Originally this story was titled “Closing Out the ’70s in my 20s.” It began as follows: I know you are surprised that I didn’t use a song for the title of this story. But I just remembered this particular New Year’s Eve while I was in the shower this morning, and wanted to get the story written and posted without spending my usual lengthy period of time looking for the appropriate song. So here it is.
Then Betsy suggested the perfect song for the title, and I changed it.
This was the cast of characters:
I was a couple of years out of law school, working at the Attorney General’s Office, and decidedly single, having recently been through a couple of bad relationships.
Arlene, one of my roommates from the Cambridge Street house I had lived in earlier in the decade, had come to see me for the holidays. She was living either in Knoxville, Tennessee, where she earned her Ph.D., or in Mount Pleasant, Michigan, where she got her first teaching job at Central Michigan University. In either case, a town she wanted to escape from by visiting me in California.
Karen, a recent law school graduate, whom I had met when we both worked at the ALRB, who had been hanging around with Arlene and me.
Lita, who had also been a roommate of Arlene’s and mine in Cambridge, was living in the Bay Area and still finishing law school, or maybe she had just graduated.
We were all looking for something fun to do for New Year’s Eve.
As it happened, I had been invited to two parties, but knew only the hosts, and had no idea what kind of crowd would be at each. One was in Palo Alto and the other was in Oakland. These cities are not very near each other, nor are they near Sacramento. Thanks to Google Maps (which, of course, didn’t exist in the ’70s), we now can see the approximate mileage of these trips:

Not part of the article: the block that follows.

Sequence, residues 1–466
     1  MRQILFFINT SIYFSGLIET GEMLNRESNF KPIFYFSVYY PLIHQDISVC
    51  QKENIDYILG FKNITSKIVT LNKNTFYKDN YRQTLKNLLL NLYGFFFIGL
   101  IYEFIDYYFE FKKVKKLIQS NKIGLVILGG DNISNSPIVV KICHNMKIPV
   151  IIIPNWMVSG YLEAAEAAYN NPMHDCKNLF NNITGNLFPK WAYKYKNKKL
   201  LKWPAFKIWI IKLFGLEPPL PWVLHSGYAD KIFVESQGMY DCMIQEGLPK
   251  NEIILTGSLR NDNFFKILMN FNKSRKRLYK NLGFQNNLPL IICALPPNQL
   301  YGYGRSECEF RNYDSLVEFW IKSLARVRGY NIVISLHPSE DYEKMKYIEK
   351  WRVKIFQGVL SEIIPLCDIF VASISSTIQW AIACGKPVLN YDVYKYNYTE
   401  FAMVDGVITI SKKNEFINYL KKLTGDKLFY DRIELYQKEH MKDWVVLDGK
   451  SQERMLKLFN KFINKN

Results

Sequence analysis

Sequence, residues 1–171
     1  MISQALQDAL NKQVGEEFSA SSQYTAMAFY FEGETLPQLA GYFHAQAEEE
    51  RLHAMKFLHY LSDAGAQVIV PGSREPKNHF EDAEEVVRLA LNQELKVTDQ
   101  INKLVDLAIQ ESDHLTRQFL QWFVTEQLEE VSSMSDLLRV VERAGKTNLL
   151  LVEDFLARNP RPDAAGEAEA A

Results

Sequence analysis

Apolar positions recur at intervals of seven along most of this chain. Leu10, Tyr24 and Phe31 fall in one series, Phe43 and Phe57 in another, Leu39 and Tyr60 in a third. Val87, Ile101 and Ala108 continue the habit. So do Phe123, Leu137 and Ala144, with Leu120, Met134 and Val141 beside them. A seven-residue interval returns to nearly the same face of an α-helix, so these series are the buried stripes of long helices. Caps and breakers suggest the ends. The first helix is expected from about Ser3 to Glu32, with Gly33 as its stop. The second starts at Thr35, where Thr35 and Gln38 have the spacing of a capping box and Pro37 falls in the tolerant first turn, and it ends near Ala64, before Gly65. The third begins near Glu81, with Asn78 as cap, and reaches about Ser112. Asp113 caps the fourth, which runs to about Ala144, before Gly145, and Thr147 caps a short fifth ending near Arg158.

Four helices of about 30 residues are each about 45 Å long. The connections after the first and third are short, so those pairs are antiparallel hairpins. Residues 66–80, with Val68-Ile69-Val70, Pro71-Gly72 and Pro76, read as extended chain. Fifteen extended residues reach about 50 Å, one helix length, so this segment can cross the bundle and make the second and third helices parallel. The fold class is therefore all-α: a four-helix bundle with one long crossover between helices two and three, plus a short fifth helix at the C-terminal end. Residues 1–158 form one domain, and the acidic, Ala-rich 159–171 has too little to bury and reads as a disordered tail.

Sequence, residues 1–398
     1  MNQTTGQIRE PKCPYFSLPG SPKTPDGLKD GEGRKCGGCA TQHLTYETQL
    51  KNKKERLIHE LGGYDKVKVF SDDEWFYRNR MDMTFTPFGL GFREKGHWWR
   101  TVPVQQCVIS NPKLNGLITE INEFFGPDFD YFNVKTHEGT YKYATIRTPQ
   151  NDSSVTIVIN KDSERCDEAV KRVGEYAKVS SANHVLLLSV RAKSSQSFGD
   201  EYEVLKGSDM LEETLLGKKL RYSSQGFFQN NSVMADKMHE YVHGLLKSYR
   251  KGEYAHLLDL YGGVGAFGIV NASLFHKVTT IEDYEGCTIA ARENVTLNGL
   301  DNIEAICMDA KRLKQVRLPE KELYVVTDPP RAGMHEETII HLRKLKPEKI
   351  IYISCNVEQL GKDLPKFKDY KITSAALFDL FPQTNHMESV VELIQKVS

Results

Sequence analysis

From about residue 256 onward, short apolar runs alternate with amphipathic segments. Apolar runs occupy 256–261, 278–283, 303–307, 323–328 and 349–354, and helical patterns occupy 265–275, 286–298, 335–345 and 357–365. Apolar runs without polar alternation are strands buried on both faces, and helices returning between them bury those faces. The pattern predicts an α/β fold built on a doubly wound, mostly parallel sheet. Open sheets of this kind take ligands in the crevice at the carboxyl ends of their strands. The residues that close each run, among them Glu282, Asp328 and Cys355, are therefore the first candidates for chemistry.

Sacramento to Oakland – 80 miles
Sacramento to Palo Alto – 120 miles
Palo Alto to Oakland – 40 miles
Given these distances, and the number of drunk or crazy people who are out on the highways on New Year’s Eve, it was obviously not reasonable to go to both parties. But you know that’s what we did.
My car was an Alfa Romeo Spider, a two-seater, so we obviously couldn’t take that. Arlene had no car, and Lita lived on the way. That left Karen, who had some kind of sensible sedan and luckily was willing to be the driver. So we set out in her car from Sacramento, picking up Lita somewhere in the East Bay. We decided to go to the Palo Alto party first, although I can’t remember why. It may have been because we predicted (correctly) that the food there would be better.
The Palo Alto party was given by a married couple, friends from law school, who already lived in a very grown-up house and had a pretty grown-up crowd at their party. But the food was great, and the alcohol was flowing, along with the occasional joint. Since I wasn’t driving, I felt free to partake of both the drinks and the smokes, and was feeling pleasantly wasted. After a couple of hours, my friends concluded that the men there were not that interesting and we should head over to the other party. That was fine with me. Then Karen said that she wasn’t in shape to drive, and I would have to drive her car. Yikes! I needed to drink some coffee and try to sober up enough to drive!
When I felt sufficiently in control to drive, we said our good-byes and headed out. I had no idea how to get from Palo Alto to Oakland, and this was long before GPS or any kind of route guidance. All we had was a Triple A map of Northern California, and someone was trying to navigate from that, although it required turning on the interior light in the car, which made it hard to see the road. Most of the route was on roads that were not highways and did not have much lighting or signage, so reading the map was crucial.
We realized it was now after 11:00, and we needed to get to the other party before midnight – we didn’t want to ring in the new year in the car! But then Lita said that she was feeling nauseated. I offered to pull the car off the road if she had to barf. No, she said, I need a burrito, we have to find a Taco Bell. This was kind of unbelievable to the rest of us, but we managed to find a Taco Bell, it was open, she got her burrito and we continued on our way. And it really did settle her stomach!
Once we got to Oakland, we still had to find the party house. Time was running out. We finally found it, parked the car and went running inside. It was five minutes to twelve. We grabbed some glasses of champagne, watched the ball go down on the small TV they had, and toasted the new decade. We savored the fact that we had made it in one piece and on time. And then I said, “I will never do anything like that again!”